What The NFL-Twitter Deal Means For Marketers
Twitter is in the unique position to consolidate TV, smartphones, and tablet screens into one holistic viewing and reacting experience, where people watch together and talk together.
Earlier this week the NFL announced it has given Twitter exclusive rights to deliver free, live over-the-top (OTT) digital streams of 10 Thursday night football (TNF) games this coming season.
The games will be simultaneously broadcast by NBC or CBS, in addition to the NFL Network. But Twitter’s broadcast will open TNF beyond cable to global audiences, cord-cutters (connected TVs), and others watching football on the go, on phones, and tablets. The NFL-Twitter partnership also includes in-game highlights and pregame Periscope broadcasts from players and teams.
What makes this such a game-changer?
First some context: This announcement follows on the heels of CBS’s first-ever Super Bowl livestream, which, despite an initial technical glitch for Apple TV users, drove 4 million unique viewers—a live-streaming record. CBS also livestreamed the 2016 NCAA tournament, delighting cord-cutters who don’t get TBS.
Now we have the Twitter-NFL partnership, which extends the digital presence of live sports, aligning directly with the cord-cutting trend. In the U.S., the number of connected TVs is expected to grow 82% by 2018, according to The NPD Group. The NFL is clearly positioned for this future, not to mention a global extension of its brand via Twitter.
Twitter—in competition with Yahoo, Verizon, and Facebook—has scored the most high-profile live content, solidifying its role as the place to react to and share commentary on live TV. In fact, 87% of people use a second screen while watching TV, according to Accenture. This trend is particularly strong with awards shows and sports, as TV viewers simultaneously leverage Twitter on their smartphones/tablets to comment, share memes, and talk trash.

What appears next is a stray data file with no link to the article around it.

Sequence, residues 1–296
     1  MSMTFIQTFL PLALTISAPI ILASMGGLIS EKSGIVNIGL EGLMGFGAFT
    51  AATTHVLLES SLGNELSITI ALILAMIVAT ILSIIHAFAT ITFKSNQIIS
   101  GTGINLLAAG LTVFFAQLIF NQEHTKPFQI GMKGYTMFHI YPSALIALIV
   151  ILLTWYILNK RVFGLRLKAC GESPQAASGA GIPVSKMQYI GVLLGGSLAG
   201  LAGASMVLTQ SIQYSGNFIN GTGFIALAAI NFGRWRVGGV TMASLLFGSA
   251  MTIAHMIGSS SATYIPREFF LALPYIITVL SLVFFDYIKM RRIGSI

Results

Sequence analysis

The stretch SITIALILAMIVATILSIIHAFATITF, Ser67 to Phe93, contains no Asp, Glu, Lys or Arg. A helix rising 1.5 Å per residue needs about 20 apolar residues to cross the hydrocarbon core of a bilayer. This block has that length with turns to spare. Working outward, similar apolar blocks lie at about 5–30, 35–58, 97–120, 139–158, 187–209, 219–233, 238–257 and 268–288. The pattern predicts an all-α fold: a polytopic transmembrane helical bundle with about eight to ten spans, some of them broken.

Twitter is now in the unique position to consolidate TV, smartphones, and tablet screens into one holistic viewing and reacting experience, where people watch together and talk together. Additionally, while a Twitter account may not be required, the move will almost certainly drive additional acquisitions (new sign-ups) for Twitter, a primary focus area. This takes Twitter down a path that Snapchat has already been successful with: creating a digital platform for live content that is welcomed by digital natives and expected by cord-cutters.
Considerations For Brands
This development highlights the need for all brands to start devising strategies to move “beyond digital,” with OTT/programmatic TV as the main area of focus. To illustrate, according to COO Adam Bain, Twitter will control some of the advertising inventory for the TNF games.
Without a doubt, some percentage of this inventory will be purchased programmatically. This will open a new world of live TV advertising, with commercials custom-tailored to certain audiences based on what we know about them from their Twitter and online footprints, as well as who and what brands they follow. Live TV ads will move from one-size-fits-all to targeted, personalized messages better positioned to convert. Advertisers also will be better able to attribute live TV ads to performance—clicks, engagement, leads, sales.
Bain also tweeted that brands will have the opportunity to associate with TNF content to reach audiences in the moment, when they’re most receptive. To illustrate this, Kohl’s recently livestreamed the Kohl’s Oscars party—hosted by SNL comedian Vanessa Bayer—on Twitter via Periscope during Oscars commercial breaks. Brands should soon see similar opportunities to partner with the NFL and Twitter on associated in-game content, especially on Periscope.
This is a big win for both Twitter and the NFL. In the coming weeks and months, we’ll see exactly how Twitter plans to make the best of it—for users and marketers.
See what the Twitterverse is saying about the second screen: